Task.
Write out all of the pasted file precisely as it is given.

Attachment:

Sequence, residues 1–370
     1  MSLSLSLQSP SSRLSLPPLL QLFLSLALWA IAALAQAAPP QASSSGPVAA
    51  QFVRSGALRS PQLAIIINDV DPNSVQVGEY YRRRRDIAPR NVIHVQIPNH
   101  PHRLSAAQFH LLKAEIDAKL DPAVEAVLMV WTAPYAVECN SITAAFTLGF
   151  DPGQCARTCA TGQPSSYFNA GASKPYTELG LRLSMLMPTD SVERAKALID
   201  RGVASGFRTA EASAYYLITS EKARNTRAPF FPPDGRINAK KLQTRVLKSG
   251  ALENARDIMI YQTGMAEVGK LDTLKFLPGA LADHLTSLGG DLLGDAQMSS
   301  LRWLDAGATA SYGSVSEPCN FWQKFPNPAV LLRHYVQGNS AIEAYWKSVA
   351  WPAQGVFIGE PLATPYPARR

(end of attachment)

Sequence, residues 1–370
     1  MSLSLSLQSP SSRLSLPPLL QLFLSLALWA IAALAQAAPP QASSSGPVAA
    51  QFVRSGALRS PQLAIIINDV DPNSVQVGEY YRRRRDIAPR NVIHVQIPNH
   101  PHRLSAAQFH LLKAEIDAKL DPAVEAVLMV WTAPYAVECN SITAAFTLGF
   151  DPGQCARTCA TGQPSSYFNA GASKPYTELG LRLSMLMPTD SVERAKALID
   201  RGVASGFRTA EASAYYLITS EKARNTRAPF FPPDGRINAK KLQTRVLKSG
   251  ALENARDIMI YQTGMAEVGK LDTLKFLPGA LADHLTSLGG DLLGDAQMSS
   301  LRWLDAGATA SYGSVSEPCN FWQKFPNPAV LLRHYVQGNS AIEAYWKSVA
   351  WPAQGVFIGE PLATPYPARR